For the FM band, maximum length of wires needed will be 32 inches (81 cm). Insulators can be made of anything that does not conduct RF; PVC, ABS, dry wood, dry poly rope, etc.
I recommend to cut the wires slightly long, then trim little bits off of each end while watching the reflected power meter on the exciter. To keep RF from coming back down the shield of the transmission line, make 8-10 turns, 6-8 inches in diameter of coax as close to the antenna as possible and secure with a wire tie. This will create a balun of sorts.
My emergency FM kit consists of:
Bext Frequency agile exciter
30 feet, RG-8 coax with N male connector on one end
4 ten foot RG-58 BNC male jumpers
1 four foot LMR-400 N male jumper
Dipole antenna, cut long
Solar charge controller
Small basic tool kit; hand tools, plus DVM and soldering iron
Power cords, extension cords
300 watt 12VDC to 120VAC inverter (pure sine wave)
20 feet audio wire
Various audio connectors; spade lugs, XLR male and female, RCA, 1/4 TRS, etc
Various RF connectors; PL-259, N, BNC, etc
Bag of 12 inch wire ties
3 rolls of 3M Scotch 88 electrical tape
100 feet of 3/8 inch poly rope
This is all kept in a sturdy plastic storage bin from the Home Depot. If needed, the batteries and solar panel are stored in the barn along with an assortment of other goodies.
Will it ever be needed? Well, I hope not. However, it is much better to be prepared to restore services than wait for somebody to show up and help. Sitting around complaining about the government does not relieve those people in need during and after a disaster.
I was at the WEBE transmitter site recently and took the time to look over the transmitter we installed last year:
Overall, I would say that this transmitter has been very reliable. We had to install a UPS for the exciter and HD Radio exporter, but that is not a big deal. During the first power outage, the exciter went dark first. It took longer for the transmitter controller board to lose power, in the interim the controller turned the transmitter power all the way up. When the generator came online 10 seconds later, the transmitter returned to operation at 41.5 KW. This, in turn, caused one of the other field engineers to freak out and nearly lose his mind (stay away from the brown acid, FYI).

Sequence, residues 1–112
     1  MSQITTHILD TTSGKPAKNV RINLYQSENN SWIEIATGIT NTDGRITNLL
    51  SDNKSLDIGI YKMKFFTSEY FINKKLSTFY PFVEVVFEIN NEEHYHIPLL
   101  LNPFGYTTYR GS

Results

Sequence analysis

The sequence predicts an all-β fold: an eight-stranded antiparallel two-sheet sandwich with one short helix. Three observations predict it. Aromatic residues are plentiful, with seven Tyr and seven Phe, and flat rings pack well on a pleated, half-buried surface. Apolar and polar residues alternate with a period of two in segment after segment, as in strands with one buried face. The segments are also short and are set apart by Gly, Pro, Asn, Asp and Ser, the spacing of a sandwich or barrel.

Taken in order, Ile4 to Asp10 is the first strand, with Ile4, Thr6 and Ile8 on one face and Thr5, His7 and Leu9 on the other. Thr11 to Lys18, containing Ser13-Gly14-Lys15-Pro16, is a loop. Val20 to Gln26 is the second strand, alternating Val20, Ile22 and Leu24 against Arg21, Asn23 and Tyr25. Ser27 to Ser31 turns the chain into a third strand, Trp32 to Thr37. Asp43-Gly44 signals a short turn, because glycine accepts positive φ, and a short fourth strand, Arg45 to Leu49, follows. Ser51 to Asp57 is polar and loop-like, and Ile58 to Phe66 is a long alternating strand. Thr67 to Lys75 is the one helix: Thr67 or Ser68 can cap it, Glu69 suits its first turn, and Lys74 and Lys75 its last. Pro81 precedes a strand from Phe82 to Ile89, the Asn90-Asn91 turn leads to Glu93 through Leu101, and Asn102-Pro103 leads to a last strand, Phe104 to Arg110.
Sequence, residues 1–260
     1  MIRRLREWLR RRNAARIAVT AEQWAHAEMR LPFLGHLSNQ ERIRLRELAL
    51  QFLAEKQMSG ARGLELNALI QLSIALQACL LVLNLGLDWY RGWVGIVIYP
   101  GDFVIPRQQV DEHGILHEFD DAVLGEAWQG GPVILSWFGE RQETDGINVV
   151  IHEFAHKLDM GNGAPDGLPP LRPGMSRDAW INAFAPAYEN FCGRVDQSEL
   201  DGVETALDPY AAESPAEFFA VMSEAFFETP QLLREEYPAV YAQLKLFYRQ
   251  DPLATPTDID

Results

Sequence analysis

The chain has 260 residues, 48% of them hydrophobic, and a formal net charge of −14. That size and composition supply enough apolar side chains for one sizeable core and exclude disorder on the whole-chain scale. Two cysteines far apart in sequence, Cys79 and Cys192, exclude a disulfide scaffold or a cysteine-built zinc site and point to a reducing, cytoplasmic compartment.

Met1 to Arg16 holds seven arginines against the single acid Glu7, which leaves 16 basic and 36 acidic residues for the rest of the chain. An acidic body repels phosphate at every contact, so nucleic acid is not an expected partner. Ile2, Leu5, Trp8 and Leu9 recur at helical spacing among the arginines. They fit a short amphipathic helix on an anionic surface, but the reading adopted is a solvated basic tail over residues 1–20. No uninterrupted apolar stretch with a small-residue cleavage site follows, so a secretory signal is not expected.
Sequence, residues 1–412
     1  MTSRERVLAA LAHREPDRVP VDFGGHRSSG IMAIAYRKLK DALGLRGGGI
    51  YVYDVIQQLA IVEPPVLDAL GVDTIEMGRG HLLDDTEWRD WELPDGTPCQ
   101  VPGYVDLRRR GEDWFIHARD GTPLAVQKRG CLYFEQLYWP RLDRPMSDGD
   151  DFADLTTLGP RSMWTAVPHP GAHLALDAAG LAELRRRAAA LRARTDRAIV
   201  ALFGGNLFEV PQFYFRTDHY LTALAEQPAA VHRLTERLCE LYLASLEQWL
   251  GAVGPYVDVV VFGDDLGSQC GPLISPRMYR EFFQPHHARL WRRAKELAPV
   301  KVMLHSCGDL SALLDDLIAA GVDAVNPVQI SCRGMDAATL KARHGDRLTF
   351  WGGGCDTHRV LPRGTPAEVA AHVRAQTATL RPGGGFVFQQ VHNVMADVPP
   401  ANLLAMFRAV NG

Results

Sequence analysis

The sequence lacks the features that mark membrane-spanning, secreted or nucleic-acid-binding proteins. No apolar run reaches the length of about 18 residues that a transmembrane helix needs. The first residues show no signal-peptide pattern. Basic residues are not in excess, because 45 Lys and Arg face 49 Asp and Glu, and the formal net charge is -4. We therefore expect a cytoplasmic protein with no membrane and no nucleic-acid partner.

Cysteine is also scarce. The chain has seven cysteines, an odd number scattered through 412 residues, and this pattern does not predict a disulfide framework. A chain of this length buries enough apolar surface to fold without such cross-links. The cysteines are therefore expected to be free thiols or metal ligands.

I installed the UPS a few days later.
The transmitter power output is 35.3 KW, which is getting into the semi-serious range. The reflected power goes up when it gets warm out and goes down in colder weather. Over the winter, it was running about 50 watts. Even at 138 watts, that represents 0.004% reflected power. The TPO forward goes to the 6 bay, 1/2 wave spaced antenna side mounted, 470 feet (143 meters) AGL. The station covers pretty well.
Overall, I would give the liquid cooling system an A grade. The transmitter still dumps a fair amount of heat into the room from the RF combiners and PA power supplies. Most of the heat, however, ends up outdoors. Previously, we had two Bard 5-ton AC units running almost full-time. Now, only one AC unit cycles on and off except for the hottest days of the year. The outside temperature when this picture was taken was 81 degrees F (27.2 C).
Next year, we will have to send a sample of the coolant to be analyzed.
I have had good experiences with the GatesAir FLX/FAX series transmitters. I would recommend this to a friend.